A nerve is an enclosed, cable-like bundle of axons (the long, slender projections of neurons) in the peripheral nervous system. A nerve provides a common pathway for the electrochemical impulses that are transmitted along each of the axons to peripheral organs.
In the central nervous system, the analogous structures are known as tracts. Neurons are sometimes called nerve cells, though this term is potentially misleading since many neurons do not form nerves, and they also include non-neuronal Schwann cells that coat the axons in myelin.
Each nerve is a cordlike structure that contains many axons, also called fibres. Within a nerve, each axon is surrounded by a layer of connective tissue called the endoneurium. The axons are bundled together into groups called fascicles, and each fascicle is wrapped in a layer of connective tissue called the perineurium. Finally, the entire nerve is wrapped in a layer of connective tissue called the epineurium.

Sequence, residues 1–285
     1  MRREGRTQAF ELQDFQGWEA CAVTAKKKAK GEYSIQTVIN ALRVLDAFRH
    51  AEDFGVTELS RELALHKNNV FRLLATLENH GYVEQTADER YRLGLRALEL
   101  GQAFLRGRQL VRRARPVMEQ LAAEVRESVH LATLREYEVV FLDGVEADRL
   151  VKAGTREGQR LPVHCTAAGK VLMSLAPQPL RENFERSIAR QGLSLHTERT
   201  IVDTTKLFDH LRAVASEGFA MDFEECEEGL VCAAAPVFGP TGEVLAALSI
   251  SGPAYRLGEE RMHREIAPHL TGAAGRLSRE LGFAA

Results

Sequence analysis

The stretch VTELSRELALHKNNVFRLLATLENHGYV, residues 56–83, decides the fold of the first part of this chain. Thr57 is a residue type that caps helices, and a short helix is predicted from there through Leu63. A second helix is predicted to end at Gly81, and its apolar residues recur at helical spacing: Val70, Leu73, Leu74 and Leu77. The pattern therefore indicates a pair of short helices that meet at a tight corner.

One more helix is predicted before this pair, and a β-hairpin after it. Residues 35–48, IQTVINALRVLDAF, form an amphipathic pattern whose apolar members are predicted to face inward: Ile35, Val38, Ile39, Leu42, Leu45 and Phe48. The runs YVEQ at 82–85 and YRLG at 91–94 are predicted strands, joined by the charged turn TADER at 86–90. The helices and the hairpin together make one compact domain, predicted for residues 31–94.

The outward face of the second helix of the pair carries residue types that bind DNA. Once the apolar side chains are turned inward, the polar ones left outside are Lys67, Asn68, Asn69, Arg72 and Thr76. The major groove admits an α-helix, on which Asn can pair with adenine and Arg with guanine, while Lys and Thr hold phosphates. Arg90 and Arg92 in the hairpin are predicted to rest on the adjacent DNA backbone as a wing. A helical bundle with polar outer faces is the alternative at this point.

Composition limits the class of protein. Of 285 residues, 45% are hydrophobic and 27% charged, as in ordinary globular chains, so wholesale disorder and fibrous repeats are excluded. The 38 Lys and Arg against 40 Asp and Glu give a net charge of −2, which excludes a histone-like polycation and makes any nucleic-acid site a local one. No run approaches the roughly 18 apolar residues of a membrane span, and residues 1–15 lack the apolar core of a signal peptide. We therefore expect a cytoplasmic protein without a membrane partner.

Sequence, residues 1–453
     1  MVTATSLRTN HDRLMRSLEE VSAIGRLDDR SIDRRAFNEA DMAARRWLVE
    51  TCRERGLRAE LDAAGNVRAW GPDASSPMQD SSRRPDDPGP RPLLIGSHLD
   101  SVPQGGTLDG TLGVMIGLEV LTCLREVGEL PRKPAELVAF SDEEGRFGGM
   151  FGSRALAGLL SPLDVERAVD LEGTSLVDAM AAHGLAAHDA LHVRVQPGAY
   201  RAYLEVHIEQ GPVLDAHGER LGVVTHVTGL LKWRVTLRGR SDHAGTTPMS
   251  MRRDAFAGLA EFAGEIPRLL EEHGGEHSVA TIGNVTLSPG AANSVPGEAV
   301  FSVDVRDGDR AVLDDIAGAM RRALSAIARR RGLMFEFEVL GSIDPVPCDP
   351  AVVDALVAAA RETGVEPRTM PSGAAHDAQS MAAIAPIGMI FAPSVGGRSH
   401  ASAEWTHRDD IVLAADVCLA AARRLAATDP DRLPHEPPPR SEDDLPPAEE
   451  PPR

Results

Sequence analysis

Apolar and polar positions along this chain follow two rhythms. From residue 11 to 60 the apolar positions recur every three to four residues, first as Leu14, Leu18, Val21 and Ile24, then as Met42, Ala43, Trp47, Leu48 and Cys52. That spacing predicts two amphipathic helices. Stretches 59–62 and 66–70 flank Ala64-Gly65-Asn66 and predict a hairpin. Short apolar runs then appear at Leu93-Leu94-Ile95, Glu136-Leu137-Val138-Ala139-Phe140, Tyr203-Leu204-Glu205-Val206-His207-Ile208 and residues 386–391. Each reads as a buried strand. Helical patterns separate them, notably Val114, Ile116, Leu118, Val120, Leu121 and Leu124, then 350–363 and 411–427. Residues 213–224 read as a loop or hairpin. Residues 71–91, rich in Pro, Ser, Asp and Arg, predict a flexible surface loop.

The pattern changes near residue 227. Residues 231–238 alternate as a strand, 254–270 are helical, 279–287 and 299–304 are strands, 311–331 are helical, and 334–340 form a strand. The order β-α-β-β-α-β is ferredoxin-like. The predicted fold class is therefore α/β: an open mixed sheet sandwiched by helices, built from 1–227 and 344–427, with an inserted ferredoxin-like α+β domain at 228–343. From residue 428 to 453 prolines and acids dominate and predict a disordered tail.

A nerve conveys information in the form of electrochemical impulses (known as impulses or action potentials) carried by the individual neurons that make up the nerve. These impulses are extremely fast, with some myelinated neurons conducting at speeds up to 120 m/s. The impulses travel from one neuron to another by crossing a synapse, the message is converted from electrical to chemical and then back to electrical.
Nerves can be categorized into two groups based on function:
Sensory nerves conduct sensory information from their receptors to the central nervous system, where the information is then processed. Thus they are synonymous with afferent nerves.
Motor nerves conduct signals from the central nervous system to muscles. Thus they are synonymous with efferent nerves.